White Sox

Promotion affords White Sox Tommy Kahnle refresher course

Promotion affords White Sox Tommy Kahnle refresher course

BALTIMORE -- It may only be a brief stopover, but Tommy Kahnle hopes to get the most out of his current tour with the White Sox.

Called up Thursday, the White Sox reliever could be sent back to Triple-A Charlotte as early as Sunday morning as closer David Robertson is expected to come off the bereavement list.

But Kahnle -- acquired from the Colorado Rockies in November -- not only has had a chance to show the White Sox what he has, he also is getting a quick refresher course from pitching coach Don Cooper. Cooper has worked with Kahnle to stand more upright in his delivery in hopes it will help him throw more strikes.

“It’s just stay tall on my backside because I tend to collapse a little bit and get a little erratic,” Kahnle said. “But overall, make a few adjustments and should be back on track.

“I had a few hiccups in spring and early in the season down in Triple-A. But overall I’ve been throwing well and just got to work on a few things and get better.

“Just get better and try to throw strikes. That’s always been my downfall.”

Kahnle made his 91st career appearance on Friday night. He walked two in a scoreless inning in a 6-3 loss to the Baltimore Orioles. Kahnle has always had a big arm, striking out 102 in 103 innings. But he also has walked 61 batters.

Cooper likes the chance to get some in-season maintenance with any of his pitchers.

“Sure it is because you get a look at what’s going on up here,” Cooper said. “We’re trying to get him to stay tall … that’s a work in progress. It looks like he’s a little better with the slide step.”

Kahnle would like to help out a deep bullpen again before the season is out.

Robertson left the team after he pitched a scoreless inning to close out Wednesday’s victory in Toronto to attend his father-in-law’s funeral. Daniel Webb joined the team on Wednesday and struck out three in a scoreless inning on Thursday. But Webb went on the 15-day disabled list with right elbow flexor inflammation and Kahnle got the call.

“Even if it’s just a few days, it’s good to be back up here and show them what I’ve got and if they need me again I’ll be ready,” Kahnle said.

White Sox Talk Podcast: Memories of Old Comiskey Park

1018_comiskey_park.jpg
AP

White Sox Talk Podcast: Memories of Old Comiskey Park

For many White Sox fans, Comiskey Park was their introduction to White Sox baseball when they were young. Chuck Garfien, Ryan McGuffey, and Chris Kamka share their memories of the old ballpark. Among them: Chuck talks about seeing Al Cowens charge Ed Farmer on the mound in 1980 creating a bench clearing brawl, Ryan tells the story about catching a Mike Greenwell foul ball, Chuck talks about being there for the 1983 All-Star Game, they discuss the final game ever played there and read favorite memories sent in by White Sox fans.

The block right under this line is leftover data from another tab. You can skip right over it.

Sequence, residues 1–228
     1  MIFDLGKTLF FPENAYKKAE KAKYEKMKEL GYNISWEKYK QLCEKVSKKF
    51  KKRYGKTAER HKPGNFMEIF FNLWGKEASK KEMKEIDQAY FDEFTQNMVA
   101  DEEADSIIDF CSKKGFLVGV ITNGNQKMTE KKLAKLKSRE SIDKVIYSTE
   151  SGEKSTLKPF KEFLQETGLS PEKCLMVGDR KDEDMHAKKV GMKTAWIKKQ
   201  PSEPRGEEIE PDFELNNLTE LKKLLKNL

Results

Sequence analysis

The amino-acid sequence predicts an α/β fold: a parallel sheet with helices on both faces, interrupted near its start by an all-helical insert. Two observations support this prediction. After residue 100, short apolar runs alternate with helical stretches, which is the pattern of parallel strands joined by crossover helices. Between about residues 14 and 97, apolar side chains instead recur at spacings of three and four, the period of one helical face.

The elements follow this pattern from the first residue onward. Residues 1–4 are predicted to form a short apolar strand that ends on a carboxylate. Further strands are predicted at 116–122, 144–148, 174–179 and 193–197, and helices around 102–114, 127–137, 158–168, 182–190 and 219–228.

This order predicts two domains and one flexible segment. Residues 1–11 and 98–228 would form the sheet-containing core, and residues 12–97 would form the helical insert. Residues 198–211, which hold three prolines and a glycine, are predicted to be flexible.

You can listen to the whole thing right here, or in the embedded player below.

8:26 - Chuck talks about seeing Al Cowens charge Ed Farmer on the mound in 1980 creating a bench clearing brawl.

10:11 - Ryan tells the story about catching a Mike Greenwell foul ball.

12:49 - Chuck talks about being there for the 1983 All-Star Game

15:11 - The guys talk about the final game ever played there.

16:44 - The guys read favorite memories sent in by White Sox fans.

Subscribe:

'White Sox to the Letter'

markbuehrle.jpg
AP

'White Sox to the Letter'

Inspired by Ogden Nash’s 1949 poem “A Lineup for Yesterday”

 

A is for A.J.

Once punched in the face

If strike three ain’t caught

He’ll steal first base

 

B is for Baines

Who’s known to speak gently

When asked if he’ll homer

He said, “Evidently!”

 

C for Comiskey

The old baseball yard

When it was torn down

I took it quite hard

 

D is for Donkey

I mean Adam Dunn

He’d strike out or walk

Or hit a home run

 

E is for Eloy

He isn’t here yet

Though an All-Star career

Is still a good bet

 

F is for Fisk

The incomparable Pudge

From his perch behind home

Not an inch he would budge

 

G is for Gold

G is for Glove

Aparicio is

Who I’m thinking of

 

H is for Hawk

Unforgettable voice

Stretch! Dadgummit!

And don’t stop now boys!

 

I for Iguchi

Second base man

Won World Series

Returned to Japan

 

J is for Jackson

The legend still grows

A home run or touchdown

Only Bo knows

 

K is for Kopech

Speed, he has plenty

He’ll pile up strikeouts

In two thousand twenty

 

L is for Luke

Old Aches and Pains

Hit .388

That record remains

 

M is for Mark

As in Mister Buehrle

When he takes the mound

The game will end early

 

N is for no-no

Wilson Alvarez, Humber

Two by Mark Buehrle

Too many to number

 

O for Orestes

Miñoso’s real name

Not in the Hall

And that’s a real shame

 

P is for Paulie

He gave it his all

At the championship rally

Gave Jerry the ball

 

Q for Quintana

Kept coming up short

Only because

Of no run support

 

R is for Richie

But please call him Dick

A dangerous man

When he’s swinging the stick

 

S is for shoes

Which were not worn by Joe

In 1919

Please say it ain’t so

 

T is for Thomas

Amazing career

He went to the Hall

And brewed Big Hurt Beer

 

U for Uribe

He played everywhere

When the ball left his bat

Hands waved in the air

 

V is for Veeck

He knew how to sell

Fireworks, promotions

And Eddie Gaedel

 

W is for William

Or Bill; He was Beltin’

So hot was the corner

Third baseman was Melton

 

X is for Fox

At least the last letter

Among second basemen

Nobody was better

 

Y is for Yolmer

He has sneaky power

The master of giving

A Gatorade shower

 

Z is for Zisk

And others I missed

Unable to fit

In my White Sox list